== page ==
In this lesson, our professor Vincent Selhorst-Jones gives an introduction on critical reading: passage-based reading. He discusses types of passages, reading the italics, reading skills, 'best' choices, reading before and after reference, what the author's saying, double passage and author viewpoint, and eliminating wrong choices.
Each Passage-Based Reading subsection will have a few passages of varying length, and each passage is followed by some questions about it.
The passages come in two different types: short and long. The short passages are normally one paragraph, while the long passages can range from three to six paragraphs or so. Occasionally you will also get a double passage-a pairing of either two short or two long passages on the same topic.
Start off by reading the italics at the beginning of each passage. They give a short description of the passage and help frame what you're about to read.
To do well on Passage-Based Reading, you need to be a capable reader. If you struggle a lot with reading, that means you need to practice! The best way to improve is to get in the habit of reading regularly. Get a book, a magazine, or a newspaper and start reading every day! Also, make sure to check out the next lesson on reading strategies that can help you make it through the passages.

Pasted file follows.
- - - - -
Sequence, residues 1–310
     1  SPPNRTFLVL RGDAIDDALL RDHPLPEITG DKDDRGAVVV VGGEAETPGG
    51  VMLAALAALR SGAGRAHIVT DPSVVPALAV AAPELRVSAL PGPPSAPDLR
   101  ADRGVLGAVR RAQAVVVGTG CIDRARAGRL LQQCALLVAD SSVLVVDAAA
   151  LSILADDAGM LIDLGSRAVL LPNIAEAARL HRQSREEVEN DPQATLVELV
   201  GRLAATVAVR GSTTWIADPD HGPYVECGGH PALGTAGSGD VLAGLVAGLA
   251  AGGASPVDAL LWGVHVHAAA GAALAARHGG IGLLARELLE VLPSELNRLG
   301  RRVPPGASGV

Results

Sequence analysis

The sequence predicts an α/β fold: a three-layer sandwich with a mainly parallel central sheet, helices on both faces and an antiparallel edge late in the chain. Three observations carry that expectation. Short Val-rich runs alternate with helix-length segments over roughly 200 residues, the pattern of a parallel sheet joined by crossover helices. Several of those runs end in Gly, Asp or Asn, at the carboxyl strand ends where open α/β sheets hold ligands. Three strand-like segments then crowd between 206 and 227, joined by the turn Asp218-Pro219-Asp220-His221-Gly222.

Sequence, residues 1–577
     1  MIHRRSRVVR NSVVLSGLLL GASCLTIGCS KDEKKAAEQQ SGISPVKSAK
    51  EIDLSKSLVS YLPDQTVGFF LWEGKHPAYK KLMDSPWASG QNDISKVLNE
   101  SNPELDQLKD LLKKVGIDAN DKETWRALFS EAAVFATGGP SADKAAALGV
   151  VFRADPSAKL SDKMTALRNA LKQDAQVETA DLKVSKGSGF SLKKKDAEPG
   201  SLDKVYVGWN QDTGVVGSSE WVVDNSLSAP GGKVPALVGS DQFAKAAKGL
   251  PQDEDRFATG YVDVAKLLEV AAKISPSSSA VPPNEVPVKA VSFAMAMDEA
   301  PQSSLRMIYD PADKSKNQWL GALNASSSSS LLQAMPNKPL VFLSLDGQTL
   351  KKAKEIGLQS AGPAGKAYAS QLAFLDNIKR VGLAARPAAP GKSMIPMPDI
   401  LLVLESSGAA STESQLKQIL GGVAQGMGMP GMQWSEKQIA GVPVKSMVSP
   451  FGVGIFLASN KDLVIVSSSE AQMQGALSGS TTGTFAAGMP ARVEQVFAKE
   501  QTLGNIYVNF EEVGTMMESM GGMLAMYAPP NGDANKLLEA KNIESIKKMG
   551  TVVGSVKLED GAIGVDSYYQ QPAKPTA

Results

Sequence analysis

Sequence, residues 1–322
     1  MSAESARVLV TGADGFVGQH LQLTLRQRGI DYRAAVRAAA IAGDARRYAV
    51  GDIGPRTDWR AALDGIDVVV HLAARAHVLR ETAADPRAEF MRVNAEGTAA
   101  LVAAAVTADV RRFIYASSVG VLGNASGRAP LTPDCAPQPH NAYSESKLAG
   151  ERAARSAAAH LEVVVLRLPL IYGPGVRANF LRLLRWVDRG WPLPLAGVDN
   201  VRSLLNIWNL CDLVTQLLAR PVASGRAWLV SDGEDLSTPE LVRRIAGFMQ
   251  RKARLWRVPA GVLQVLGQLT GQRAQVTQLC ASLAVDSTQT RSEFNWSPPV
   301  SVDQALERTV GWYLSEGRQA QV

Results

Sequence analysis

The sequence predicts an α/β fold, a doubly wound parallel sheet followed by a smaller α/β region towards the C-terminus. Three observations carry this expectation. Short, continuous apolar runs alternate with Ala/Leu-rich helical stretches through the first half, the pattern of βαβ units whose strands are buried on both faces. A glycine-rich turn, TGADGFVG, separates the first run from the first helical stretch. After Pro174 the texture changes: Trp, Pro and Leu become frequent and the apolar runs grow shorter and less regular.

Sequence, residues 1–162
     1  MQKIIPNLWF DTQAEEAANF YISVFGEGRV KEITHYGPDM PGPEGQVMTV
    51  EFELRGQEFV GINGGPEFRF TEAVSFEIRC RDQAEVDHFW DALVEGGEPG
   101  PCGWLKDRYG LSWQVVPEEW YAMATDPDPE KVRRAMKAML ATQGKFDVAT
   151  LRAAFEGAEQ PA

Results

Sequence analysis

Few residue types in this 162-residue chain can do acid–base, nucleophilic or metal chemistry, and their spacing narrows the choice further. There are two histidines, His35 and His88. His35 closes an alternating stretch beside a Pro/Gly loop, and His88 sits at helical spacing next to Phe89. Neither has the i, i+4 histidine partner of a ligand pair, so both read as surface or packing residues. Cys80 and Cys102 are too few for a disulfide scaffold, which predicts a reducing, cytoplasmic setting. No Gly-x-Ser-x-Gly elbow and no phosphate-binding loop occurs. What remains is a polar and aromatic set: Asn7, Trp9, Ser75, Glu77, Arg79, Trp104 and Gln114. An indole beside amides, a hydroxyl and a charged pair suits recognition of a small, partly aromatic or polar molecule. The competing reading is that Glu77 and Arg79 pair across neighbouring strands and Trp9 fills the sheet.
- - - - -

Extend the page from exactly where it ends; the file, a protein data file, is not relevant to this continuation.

In English questions, your job is to find the "best" answer. This means you have to always read all the choices before answering. It also means that the correct answer is not always a great answer-just the least bad choice.
Most of the questions in the Passage-Based Reading subsection are put in the order they appear in the text. Normally the questions help you find where they appear in the text by giving a line number, or at least mentioning the location in some other manner.
Use these line references! It's critical that you go read the part of the text being referenced. You'll also need context to understand what's going on, so start a few lines above and read until a few lines after.
Every answer must come from the text. When you answer a question, you should be able to point out your evidence in the text. If there's no evidence for a choice, then it's not the answer. Normally the answers will be very near the line reference and won't require deep analysis.
The correct answer is almost never extreme. If you see a choice with a very strong viewpoint, it's probably not right.
As you read the passage, try to get a sense of what the author's main point is. Most of the questions about a passage will be somehow connected to the main idea the author is exploring or arguing. Once you know what that is, it's much easier to find the answers.
It's especially important to understand each author's viewpoint on the double passage questions. A lot of the questions in a double passage are about how one author would view the other author's text. To be able to answer those questions, you need to know the essence of each author's argument.
Critical Reading: Passage-Based Reading
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